This Gospel passage asks us to make sure we are not looking at life through the one-dimensional outlook of the Sadducees. They looked at the things of this world as though they were the complete story, the end of the book. Jesus is saying that the final chapter has not been written yet. To look at life as chapters filling out the story which God wants to and is writing. We have to wait . We have the assurance of the Lord that it will end happily. The things which go to make life up are not the "end of the story".

Friday, November 5, 2010

Leann Rimes - Amazing Grace

32nd Sunday

Bloopers in Church Bulletins

Due to the Rector's illness, Wednesday's healing services will be discontinued until further notice.

The Rev. Merriwether spoke briefly, much to the delight of the audience.

On a church bulletin during the minister's illness: GOD IS GOOD; Dr. Hargreaves is better.

Applications are now being accepted for 2 year-old nursery workers.

The pastor will preach his farewell message, after which the choir will sing, "Break Forth Into Joy."

If you would like to make a donation, fill out a form, enclose a check, and drip in the collection basket.

Sermon Outline:
I. Delineate your fear
II. Disown your fear
III. Displace your rear

Next Sunday Mrs. Vinson will be soloist for the morning service. The pastor will then speak on "It's a Terrible Experience."

Don't miss this Saturday's exhibit by Christian Martian Arts.

We are grateful for the help of those who cleaned up the grounds around the church building and the rector.

A worm welcome to all who have come today.

Barbara remains in the hospital and needs blood donors for more transfusions. She is also having trouble sleeping and requests tapes of Pastor Nelson's sermons.

During the absence of our pastor, we enjoyed the rare privilege of hearing a good sermon when J.F. Stubbs supplied our pulpit.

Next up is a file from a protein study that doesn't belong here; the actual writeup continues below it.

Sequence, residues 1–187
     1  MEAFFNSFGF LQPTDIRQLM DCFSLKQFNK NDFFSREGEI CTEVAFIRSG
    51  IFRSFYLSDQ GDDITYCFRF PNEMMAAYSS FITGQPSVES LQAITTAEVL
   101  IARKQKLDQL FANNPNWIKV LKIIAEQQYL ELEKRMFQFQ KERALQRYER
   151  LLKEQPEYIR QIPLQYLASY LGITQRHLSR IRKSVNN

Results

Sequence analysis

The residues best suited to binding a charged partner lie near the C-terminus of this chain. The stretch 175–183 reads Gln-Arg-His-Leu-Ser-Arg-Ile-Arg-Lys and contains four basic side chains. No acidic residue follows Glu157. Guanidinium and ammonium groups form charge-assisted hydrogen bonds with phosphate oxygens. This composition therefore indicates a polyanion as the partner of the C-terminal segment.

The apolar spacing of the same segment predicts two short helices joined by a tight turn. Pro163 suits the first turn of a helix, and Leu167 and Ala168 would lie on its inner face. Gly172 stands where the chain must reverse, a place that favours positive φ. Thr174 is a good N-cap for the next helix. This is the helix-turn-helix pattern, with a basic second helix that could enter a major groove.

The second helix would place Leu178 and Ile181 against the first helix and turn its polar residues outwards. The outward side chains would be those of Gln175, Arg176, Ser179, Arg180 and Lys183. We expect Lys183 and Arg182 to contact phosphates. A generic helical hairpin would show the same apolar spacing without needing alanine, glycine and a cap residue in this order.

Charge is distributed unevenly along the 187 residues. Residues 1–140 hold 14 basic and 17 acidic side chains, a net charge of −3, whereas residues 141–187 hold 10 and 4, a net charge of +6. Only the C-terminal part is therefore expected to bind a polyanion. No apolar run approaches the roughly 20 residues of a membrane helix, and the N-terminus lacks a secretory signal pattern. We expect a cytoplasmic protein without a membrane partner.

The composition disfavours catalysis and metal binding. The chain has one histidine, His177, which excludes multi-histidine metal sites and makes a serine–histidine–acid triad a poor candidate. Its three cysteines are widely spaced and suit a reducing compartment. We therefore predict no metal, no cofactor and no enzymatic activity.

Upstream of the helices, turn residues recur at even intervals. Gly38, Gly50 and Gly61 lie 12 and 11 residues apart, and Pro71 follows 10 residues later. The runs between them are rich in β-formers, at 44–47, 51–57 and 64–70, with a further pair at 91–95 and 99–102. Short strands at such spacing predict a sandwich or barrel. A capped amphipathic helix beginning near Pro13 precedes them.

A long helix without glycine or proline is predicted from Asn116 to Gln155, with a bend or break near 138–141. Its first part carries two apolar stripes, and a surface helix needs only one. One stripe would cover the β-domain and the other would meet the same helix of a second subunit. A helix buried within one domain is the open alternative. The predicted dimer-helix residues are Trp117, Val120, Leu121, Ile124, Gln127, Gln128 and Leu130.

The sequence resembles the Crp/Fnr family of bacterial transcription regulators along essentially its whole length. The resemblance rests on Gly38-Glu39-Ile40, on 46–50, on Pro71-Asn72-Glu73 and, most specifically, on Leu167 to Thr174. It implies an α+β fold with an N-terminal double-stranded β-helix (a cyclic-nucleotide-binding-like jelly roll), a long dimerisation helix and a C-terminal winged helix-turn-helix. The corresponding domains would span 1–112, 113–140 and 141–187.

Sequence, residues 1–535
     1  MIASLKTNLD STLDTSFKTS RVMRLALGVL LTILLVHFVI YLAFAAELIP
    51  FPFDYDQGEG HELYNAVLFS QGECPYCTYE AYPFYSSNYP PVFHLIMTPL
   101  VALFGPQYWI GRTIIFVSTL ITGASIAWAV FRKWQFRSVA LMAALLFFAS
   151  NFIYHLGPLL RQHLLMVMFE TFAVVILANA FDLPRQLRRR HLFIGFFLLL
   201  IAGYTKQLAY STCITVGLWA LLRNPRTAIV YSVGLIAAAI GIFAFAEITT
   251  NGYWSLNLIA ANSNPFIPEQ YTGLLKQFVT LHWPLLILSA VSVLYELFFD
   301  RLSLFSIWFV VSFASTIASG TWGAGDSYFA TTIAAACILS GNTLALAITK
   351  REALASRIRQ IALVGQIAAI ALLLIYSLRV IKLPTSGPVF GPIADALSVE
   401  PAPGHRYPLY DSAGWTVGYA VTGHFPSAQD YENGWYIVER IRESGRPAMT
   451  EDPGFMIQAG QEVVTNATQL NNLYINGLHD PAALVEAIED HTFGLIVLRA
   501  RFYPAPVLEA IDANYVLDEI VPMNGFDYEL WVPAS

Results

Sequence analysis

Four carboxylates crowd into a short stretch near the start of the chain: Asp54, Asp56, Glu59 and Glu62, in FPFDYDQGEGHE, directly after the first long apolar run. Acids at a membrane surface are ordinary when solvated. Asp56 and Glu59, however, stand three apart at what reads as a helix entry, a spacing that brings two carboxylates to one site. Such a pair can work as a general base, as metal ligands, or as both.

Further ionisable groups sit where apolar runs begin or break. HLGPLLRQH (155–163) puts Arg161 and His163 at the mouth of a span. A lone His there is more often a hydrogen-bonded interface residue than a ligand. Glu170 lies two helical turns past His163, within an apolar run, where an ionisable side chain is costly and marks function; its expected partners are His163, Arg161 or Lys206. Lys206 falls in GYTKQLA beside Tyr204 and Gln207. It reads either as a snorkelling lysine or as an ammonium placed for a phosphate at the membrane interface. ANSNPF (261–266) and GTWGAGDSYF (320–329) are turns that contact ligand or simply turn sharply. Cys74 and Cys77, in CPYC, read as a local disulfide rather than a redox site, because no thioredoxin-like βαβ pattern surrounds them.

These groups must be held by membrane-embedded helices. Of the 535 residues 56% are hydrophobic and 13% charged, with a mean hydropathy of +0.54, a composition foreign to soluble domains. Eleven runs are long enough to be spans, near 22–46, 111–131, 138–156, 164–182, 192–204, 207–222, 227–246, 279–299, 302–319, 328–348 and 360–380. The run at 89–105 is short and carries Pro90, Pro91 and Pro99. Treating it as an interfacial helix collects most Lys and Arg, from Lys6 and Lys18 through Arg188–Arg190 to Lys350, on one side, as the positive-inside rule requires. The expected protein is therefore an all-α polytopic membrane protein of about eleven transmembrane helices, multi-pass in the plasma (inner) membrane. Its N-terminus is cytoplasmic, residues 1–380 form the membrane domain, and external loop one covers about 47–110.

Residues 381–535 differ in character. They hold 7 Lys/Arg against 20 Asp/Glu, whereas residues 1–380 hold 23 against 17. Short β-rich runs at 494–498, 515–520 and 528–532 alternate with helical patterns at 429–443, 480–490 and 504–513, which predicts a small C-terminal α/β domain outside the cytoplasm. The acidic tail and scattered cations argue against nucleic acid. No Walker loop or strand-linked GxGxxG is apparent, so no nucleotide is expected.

Irving Benson and Jessie Carter were married on October 24 in the church. So ends a friendship that began in their school days.

The ushers will come forward and take our ties and offerings.

The rosebud on the altar this morning is to announce the birth of David Alan Belzer, the sin of Reverend and Mrs. Julius Belzer.

The eighth-graders will be presenting Shakespeare's Hamlet in the church basement on Friday at 7 p.m. The congregation is invited to attend this tragedy.

Don't let worry kill you off - let the church help.

Please place your donation in the envelope along with the deceased person(s) you want remembered.

Let us join David and Lisa in the celebration of their wedding and bring their happiness to a conclusion.

Helpers are needed! Please sign up on the information sheep.

Diana and Don request your presents at their wedding.

The concert held in Fellowship Hall was a great success. Special thanks are due to the minister's daughter, who labored the whole evening at the piano, which as usual fell upon her.

The outreach committee has enlisted 25 visitors to make calls on people who are not afflicted with any church.

Low Self-Esteem Support Group will meet Thursday at 7 to 8:30p.m. Please use the back door.

The 1991 Spring Council Retreat will be hell May 10 and 11.

The audience is asked to remain seated until the end of the recession.

Remember in prayer the many who are sick of our church and community.


22 members were present at the church meeting held at the home of Mrs. Marsha
Religious Leaders, Youth to Meet in ‘Generations of Faith’ Interreligious Encounter

WASHINGTON (November 2, 2010) — Religious leaders and young adults from Catholic, Buddhist, Hindu, Jewish, Muslim and Sikh traditions will meet for a day of dialogue and interreligious exchange at the John Paul II Cultural Center, November 19, at “Generations of Faith—an Interreligious Encounter.” The day will feature intergenerational dialogue in a variety of formats and concludes with a reception and presentation at 6 p.m. at the John Paul II Cultural Center. The evening event is open to the public and members of the media.


MONDAY OF THE THRITY SECOND WEEK OF THE YEAR (Luke 17:1-6) A group of people are having coffee...their conversation is about the ordinary things of life. All of a sudden the name of a person comes up. One of the people in the group mentions something not very pleasing about the person…like a match put to oil, the fire of gossiping about the person begins. The person who originally mentioned the name may feel sorry, as most of us do, for talking about the person....does the person feel sorry for leading others down the path of gossip?
We are time and time again called upon to remember that our actions effect other people either for the good or bad. We have in our hands the rather terrifying power to help people do good or to lead them in directions which are not too good. We used to use expressions such as "good example" and "bad example"...these are still valid.